The book is bright, colourful, and engaging. It’s simple to understand but doesn’t talk down to you. It is perfectly written for its audience. Seriously. My daughter is in grade one and not only did she follow along with everything I was reading to her (and pay attention!), she understood the game and its rules immediately. I never had to stop and explain anything further than the book already had. I never had to give her an easy example to illustrate a rule. Nothing. She listened and understood. My son, who is only a year older than her, could have read the entire book by himself and understood it. In fact, my daughter probably could have read it herself too, but that’s not typical for kids her age (both of my kids are very strong readers). We weren’t done the rulebook by the time we were done at the laundromat, but after we got home my daughter sat down beside me on the couch and we finished it. Cover to cover in few hours. She was practically bouncing in excitement.
“Can we make our characters now?”
So we printed off some fancy character sheets, called over my son, and got creating! The entire process took us around an hour, which included drawing and colouring our ponies. Follow-up ponies we made took much less. About fifteen minutes from start to finish.
We were ready to play!
…sort of. We still had to convince my husband to make a character so he could join in on the game. Haha. I’ll share more details about our first gameplay experience in an upcoming blog post later this month, but for now, we’re going to talk about the rulebook itself. Interested? Read on!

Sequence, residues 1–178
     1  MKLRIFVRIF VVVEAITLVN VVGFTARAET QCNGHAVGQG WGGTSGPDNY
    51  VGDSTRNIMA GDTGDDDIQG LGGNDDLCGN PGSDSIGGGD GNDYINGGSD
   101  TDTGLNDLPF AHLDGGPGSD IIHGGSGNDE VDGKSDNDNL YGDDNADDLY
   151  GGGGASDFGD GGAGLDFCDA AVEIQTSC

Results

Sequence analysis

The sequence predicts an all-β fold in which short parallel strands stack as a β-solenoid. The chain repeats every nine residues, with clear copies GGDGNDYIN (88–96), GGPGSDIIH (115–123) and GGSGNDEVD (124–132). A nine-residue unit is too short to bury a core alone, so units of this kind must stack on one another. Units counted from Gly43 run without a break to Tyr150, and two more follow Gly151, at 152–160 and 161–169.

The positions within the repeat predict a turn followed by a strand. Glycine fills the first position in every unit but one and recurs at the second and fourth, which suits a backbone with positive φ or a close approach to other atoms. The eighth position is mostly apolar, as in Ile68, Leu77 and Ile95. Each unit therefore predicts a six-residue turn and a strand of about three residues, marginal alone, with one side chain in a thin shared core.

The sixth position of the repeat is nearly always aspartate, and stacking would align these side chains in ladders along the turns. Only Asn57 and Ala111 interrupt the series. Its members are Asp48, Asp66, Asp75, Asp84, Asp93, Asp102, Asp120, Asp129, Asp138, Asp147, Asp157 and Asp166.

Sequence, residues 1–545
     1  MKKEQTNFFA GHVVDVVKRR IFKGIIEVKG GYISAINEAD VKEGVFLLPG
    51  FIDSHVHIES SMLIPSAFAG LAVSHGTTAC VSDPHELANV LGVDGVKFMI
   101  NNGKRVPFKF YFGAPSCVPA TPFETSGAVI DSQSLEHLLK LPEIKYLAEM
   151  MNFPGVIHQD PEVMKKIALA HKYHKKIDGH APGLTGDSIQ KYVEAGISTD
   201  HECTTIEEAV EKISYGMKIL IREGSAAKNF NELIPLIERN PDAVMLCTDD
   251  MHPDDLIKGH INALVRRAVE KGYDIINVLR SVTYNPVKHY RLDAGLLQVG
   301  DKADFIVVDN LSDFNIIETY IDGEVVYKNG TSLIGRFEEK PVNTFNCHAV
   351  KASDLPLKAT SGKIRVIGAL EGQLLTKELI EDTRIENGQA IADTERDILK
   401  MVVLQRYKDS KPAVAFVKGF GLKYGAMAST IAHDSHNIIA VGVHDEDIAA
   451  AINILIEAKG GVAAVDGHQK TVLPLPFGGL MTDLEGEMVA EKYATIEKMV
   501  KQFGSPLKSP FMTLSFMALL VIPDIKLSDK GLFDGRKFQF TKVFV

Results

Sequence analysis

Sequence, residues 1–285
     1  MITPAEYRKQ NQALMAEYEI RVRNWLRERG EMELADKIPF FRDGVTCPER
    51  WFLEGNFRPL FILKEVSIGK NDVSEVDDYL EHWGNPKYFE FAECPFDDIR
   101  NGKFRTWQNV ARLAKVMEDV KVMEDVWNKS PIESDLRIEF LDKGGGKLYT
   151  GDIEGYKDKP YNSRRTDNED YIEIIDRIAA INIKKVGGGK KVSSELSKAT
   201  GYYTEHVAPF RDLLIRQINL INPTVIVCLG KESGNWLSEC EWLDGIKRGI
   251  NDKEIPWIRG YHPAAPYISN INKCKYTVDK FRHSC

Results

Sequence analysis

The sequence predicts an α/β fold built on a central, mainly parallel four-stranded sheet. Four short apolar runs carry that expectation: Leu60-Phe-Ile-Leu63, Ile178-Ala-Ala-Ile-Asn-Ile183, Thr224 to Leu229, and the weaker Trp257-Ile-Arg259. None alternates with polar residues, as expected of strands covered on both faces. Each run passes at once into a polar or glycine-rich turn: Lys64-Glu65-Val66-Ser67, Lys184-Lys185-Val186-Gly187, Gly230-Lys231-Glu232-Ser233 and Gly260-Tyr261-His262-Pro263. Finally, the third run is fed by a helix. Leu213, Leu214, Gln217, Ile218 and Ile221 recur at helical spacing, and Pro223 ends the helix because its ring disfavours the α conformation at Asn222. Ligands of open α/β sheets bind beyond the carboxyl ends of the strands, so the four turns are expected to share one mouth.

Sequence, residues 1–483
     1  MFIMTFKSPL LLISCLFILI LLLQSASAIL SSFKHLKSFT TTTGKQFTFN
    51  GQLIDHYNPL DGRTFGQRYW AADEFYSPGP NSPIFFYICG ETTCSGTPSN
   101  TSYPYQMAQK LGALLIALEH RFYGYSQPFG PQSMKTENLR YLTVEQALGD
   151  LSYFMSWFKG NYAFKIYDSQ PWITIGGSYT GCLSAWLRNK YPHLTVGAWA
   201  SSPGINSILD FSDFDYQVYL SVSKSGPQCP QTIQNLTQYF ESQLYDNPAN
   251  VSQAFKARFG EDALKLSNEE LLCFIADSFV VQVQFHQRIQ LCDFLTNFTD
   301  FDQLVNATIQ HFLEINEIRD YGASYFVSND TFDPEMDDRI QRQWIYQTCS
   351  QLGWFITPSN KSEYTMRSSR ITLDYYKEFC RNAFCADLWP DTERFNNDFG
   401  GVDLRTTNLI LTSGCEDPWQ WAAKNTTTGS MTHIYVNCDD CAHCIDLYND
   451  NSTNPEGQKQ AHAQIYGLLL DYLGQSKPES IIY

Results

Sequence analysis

Tails of Equestria: Storytelling Game is an easy to understand pen and paper roleplaying game featuring the world and characters of the hit TV show My Little Pony: Friendship is Magic. The game is aimed at children, but is definitely fun for the whole family. A hardcover book 151 pages in length, this tome is packed full of artwork, and is written in an easy to read font (and font size). Licensed by Hasbro, published by River Horse Games (in Europe) and Shinobi 7 (in the USA and Canada), and written by Alessio Cavatore, Dylan Owen, and Jack Caesar, this book’s suggested retail price is 25 pounds, 30 Euros, 35 American dollars, or 40 Canadian dollars. Of course, that cost will vary a lot depending where you pick it up. I found forty five is more typical online in Canada (if you manage to find a copy in stock at all). The book is sturdy and well made — a must have for kids books! The front cover features an image of the three iconic Tails of Equestria ponies navigating the wilds with a castle in the background. Firebrand, the iconic unicorn takes the lead, with Thrilly Filly the pegasus flying above, and Strong Oak the armoured earth pony alert at the back of the group. My kids love the art, which is drawn by Amy Mebberson, but its the back of the book that really shines for me.